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Big Lots to close 35 to 40 stores; warns of ability to survive as ‘going concern’

Big Lots
Big Lots operates over 1,300 stores in 48 states.

Big Lots’ troubles are mounting,  

In an SEC filing, the Ohio-based discounter revealed it plans to close between 35 to 40 stores in 2024, putting the blame on elevated inflation that has put a damper on customers buying power. Big Lots, which has been working to shore up its liquidity the past few months, also raised doubts about its ability to survive. 

In the filing, Big Lots, which has over 1,300 stores nationwide, noted it had net losses and used cash in operating activities in 2022, 2023 as well as the first quarter of 2024. While it currently is in compliance with its credit agreements, the retailer said that it "expects to experience further operating losses and expects to experience difficulty remaining in compliance with such covenants."

“Based on our current cash and liquidity projections, and uncertainties with respect to the mitigating effect of management’s plans, the company has concluded there is a significant likelihood that it will be unable to comply with the Excess Availability Covenant under the 2022 Credit Agreement and the term loan facility within the next 12 months, which raises substantial doubt about the company’s ability to continue as a going concern,” the company said in the filing. 

Although it hinted at going out of business, Big Lots also said in the fling it plans to "vigorously pursue its plans to enhance its liquidity, improve the performance of the business, and avoid a covenant violation." To improve its available liquidity, the company is evaluating alternatives including, but not limited to, lease concessions and deferrals, entering a letter of credit facility, managing its working capital and raising additional capital.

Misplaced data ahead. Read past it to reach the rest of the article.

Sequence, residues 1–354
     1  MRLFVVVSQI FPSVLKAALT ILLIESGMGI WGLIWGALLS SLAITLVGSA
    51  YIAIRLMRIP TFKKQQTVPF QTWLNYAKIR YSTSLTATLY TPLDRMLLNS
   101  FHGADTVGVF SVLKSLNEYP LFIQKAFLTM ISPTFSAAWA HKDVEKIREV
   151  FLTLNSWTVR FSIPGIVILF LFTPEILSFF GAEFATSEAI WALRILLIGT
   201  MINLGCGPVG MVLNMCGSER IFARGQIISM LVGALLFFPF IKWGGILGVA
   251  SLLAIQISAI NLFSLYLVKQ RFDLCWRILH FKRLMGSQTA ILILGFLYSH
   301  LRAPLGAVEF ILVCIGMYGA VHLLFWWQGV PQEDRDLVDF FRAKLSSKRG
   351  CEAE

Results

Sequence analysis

It also is seeking to further monetize assets, such as its remaining owned real estate property, through outright sale or sale and leaseback opportunities. 

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Big Lots’ sales tumbled 10.2% to $1 billion in its first quarter, which ended May 4, with a 9.9% decrease in comparable sales. The retailer cited a continued pullback in consumer spending by its core customers.

“While we made substantial progress on improving our business operations in Q1, we missed our sales goals due largely to a continued pullback consumer spending by our core customers, particularly in high ticket discretionary items," CEO Bruce Thorn said in the earnings release.

Thorn added that, as Big Lots moves forward, it is taking aggressive actions to drive positive comp sales growth in the latter part of the year and into 2025, and to maintain year-over-year gross margin rate improvements. He also cited the company’ efforts to improve its liquidity. 

“We are pleased with our actions to preserve and enhance liquidity in Q1, which included aggressive efforts to manage opex, capex and inventory, and the execution of a new $200 million term loan facility, which provides us with significant additional financial flexibility,” Thorn stated in the release.

Big Lots ended the first quarter of fiscal 2024 with $44.0 million of cash and cash equivalents and $573.8 million of long-term debt under its lending facilities.

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